Photos: CityWay Garage Graffiti

Nick Walker, a Brit, was commissioned to paint in the complex’s parking garages, with a provocative (for Indy) bent to his work.

The sighting of a finely dressed gentleman roaming the CityWay/Alexander parking garages has been common since his arrival in December 2012. He’s been spotted reading The New York Times, riding a bicycle, flying planes, and eerily standing in corners. Some have even seen him spray-painting walls, creating graffiti—a bona fide public offense.

This shady character is “the Vandal,” a creation of Nick Walker, the English graffiti artist commissioned by CityWay to throw pieces up all over the complex’s two parking garages. Walker uses the Vandal as an alternate persona, allowing him to speak his own mind through the works.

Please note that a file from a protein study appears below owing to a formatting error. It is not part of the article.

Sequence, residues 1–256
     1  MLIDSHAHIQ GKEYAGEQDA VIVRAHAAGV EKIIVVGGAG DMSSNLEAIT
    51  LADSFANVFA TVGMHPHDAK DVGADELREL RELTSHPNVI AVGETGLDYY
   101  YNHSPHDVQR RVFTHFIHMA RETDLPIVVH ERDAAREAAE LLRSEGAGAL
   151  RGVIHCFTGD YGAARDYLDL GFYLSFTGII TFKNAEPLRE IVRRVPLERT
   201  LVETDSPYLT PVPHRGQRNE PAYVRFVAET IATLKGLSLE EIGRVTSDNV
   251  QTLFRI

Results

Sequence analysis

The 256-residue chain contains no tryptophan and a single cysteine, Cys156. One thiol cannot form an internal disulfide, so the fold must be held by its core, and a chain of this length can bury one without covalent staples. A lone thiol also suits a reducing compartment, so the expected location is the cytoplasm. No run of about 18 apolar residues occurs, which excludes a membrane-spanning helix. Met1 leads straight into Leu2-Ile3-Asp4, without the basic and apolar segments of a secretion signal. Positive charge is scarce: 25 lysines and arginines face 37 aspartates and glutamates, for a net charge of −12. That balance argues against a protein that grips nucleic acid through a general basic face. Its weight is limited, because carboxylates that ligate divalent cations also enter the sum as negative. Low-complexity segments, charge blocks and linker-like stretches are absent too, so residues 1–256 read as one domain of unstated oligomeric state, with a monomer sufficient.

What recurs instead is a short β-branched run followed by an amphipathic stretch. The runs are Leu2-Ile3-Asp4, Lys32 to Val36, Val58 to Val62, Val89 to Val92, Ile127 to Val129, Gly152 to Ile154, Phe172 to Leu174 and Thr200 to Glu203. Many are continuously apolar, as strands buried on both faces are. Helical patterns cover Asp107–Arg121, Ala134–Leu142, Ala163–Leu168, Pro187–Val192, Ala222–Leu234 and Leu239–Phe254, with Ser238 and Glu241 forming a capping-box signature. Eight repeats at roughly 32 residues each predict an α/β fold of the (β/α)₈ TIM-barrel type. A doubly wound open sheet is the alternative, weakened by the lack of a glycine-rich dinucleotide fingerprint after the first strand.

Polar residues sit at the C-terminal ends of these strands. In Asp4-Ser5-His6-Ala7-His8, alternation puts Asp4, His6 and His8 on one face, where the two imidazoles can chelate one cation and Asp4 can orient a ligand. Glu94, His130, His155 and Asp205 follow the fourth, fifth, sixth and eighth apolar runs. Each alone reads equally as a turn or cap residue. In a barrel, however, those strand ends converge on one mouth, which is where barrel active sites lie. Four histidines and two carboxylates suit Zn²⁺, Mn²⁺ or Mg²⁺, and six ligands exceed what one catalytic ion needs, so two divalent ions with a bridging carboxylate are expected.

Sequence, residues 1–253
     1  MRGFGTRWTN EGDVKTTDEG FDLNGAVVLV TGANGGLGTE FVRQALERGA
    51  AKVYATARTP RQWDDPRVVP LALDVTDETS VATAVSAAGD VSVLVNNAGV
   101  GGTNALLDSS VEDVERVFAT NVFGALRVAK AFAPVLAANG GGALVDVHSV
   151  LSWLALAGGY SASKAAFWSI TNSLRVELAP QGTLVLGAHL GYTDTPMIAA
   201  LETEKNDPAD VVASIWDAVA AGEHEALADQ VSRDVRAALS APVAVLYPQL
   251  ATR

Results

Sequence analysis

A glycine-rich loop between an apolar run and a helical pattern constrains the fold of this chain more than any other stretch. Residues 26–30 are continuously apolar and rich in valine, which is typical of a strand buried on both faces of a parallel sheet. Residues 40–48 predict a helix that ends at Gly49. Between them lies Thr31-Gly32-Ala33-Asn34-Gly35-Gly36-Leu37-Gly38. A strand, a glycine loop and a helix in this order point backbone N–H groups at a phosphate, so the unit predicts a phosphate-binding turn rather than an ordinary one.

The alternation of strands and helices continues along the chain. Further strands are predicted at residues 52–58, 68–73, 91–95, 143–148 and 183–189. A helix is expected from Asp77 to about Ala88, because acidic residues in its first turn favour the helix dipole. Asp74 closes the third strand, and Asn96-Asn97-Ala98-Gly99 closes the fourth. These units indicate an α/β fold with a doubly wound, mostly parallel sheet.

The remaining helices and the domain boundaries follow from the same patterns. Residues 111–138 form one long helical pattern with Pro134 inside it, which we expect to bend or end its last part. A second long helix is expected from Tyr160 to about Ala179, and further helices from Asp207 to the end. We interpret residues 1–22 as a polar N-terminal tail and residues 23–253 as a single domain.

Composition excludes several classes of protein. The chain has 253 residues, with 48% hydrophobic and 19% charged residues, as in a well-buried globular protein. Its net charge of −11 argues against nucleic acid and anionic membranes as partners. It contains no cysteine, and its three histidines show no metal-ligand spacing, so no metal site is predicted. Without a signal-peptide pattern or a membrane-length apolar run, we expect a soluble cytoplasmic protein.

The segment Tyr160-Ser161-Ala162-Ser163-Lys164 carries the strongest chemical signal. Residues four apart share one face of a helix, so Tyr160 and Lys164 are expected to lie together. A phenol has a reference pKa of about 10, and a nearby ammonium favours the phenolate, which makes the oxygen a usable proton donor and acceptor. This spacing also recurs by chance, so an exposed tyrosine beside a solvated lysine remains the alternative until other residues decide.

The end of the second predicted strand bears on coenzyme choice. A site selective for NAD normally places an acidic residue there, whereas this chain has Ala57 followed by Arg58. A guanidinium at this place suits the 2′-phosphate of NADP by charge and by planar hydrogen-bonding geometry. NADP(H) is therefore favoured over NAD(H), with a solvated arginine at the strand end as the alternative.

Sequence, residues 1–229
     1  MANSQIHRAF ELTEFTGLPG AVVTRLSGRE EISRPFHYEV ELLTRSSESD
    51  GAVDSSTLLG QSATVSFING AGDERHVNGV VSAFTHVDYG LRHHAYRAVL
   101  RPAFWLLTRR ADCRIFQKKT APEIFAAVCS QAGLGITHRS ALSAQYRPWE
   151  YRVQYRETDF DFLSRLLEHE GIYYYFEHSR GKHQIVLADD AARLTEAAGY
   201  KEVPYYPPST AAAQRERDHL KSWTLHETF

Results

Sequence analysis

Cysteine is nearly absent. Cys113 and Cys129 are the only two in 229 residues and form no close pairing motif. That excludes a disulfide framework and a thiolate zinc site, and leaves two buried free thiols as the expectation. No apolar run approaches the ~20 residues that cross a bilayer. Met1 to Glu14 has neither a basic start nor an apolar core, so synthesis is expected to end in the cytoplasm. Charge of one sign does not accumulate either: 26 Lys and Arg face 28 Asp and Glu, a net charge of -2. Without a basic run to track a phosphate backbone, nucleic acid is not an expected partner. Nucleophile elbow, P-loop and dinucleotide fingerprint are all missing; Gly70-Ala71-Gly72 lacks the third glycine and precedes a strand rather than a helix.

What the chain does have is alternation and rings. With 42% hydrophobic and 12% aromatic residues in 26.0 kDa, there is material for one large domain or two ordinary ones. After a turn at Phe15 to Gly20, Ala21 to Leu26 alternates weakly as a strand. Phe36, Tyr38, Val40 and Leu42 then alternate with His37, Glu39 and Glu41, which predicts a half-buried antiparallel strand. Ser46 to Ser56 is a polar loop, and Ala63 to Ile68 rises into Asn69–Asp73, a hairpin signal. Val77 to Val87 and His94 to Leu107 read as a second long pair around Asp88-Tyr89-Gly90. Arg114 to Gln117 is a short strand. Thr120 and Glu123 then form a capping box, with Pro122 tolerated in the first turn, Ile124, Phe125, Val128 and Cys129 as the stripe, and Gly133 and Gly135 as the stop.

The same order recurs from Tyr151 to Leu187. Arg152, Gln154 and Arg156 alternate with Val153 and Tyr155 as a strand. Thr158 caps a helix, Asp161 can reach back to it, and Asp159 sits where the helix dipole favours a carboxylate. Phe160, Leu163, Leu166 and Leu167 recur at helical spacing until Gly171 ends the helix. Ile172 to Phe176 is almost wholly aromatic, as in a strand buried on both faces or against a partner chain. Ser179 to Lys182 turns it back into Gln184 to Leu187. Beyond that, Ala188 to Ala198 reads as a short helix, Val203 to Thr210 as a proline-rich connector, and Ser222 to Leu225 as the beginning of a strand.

One of Walker’s works leads from a “burner” (an elaborate piece) on a zig-zagging trail of red paint that swerves among pillars in the garage and into a wall, where the Vandal is found riding off on a bicycle, carrying a dripping paint can.

For another, on an inner wall, Walker painted the Vandal with a remote control as he looks up toward the next level. As you turn the corner, you find a remote controlled plane zipping along after just having performed a double loop.

The Vandal, who appears several more times throughout the garages, isn’t Walker’s only subject. Walker also painted a little girl wearing a polka-dotted dress and a ski mask—and wielding spray paint cans in both hands. Two kids, one on the other’s shoulders, provide the concept for another piece.

Walker, one of more than 20 contemporary artists chosen by the IMA’s Lisa Frieman for CityWay installations, started his works long before paint ever met the concrete. Using a stencil technique, he made sketches and then cut-outs of his designs. This allowed him to create the aforementioned burners in a shorter period of time. The pieces took him about a month to complete.

In a final farewell to Indianapolis, Walker snuck in one last tag, his artist’s signature, in the stairwell of The Alexander garage. Its simple reading? “Thank you Indi!”

Photos by Michael Schrader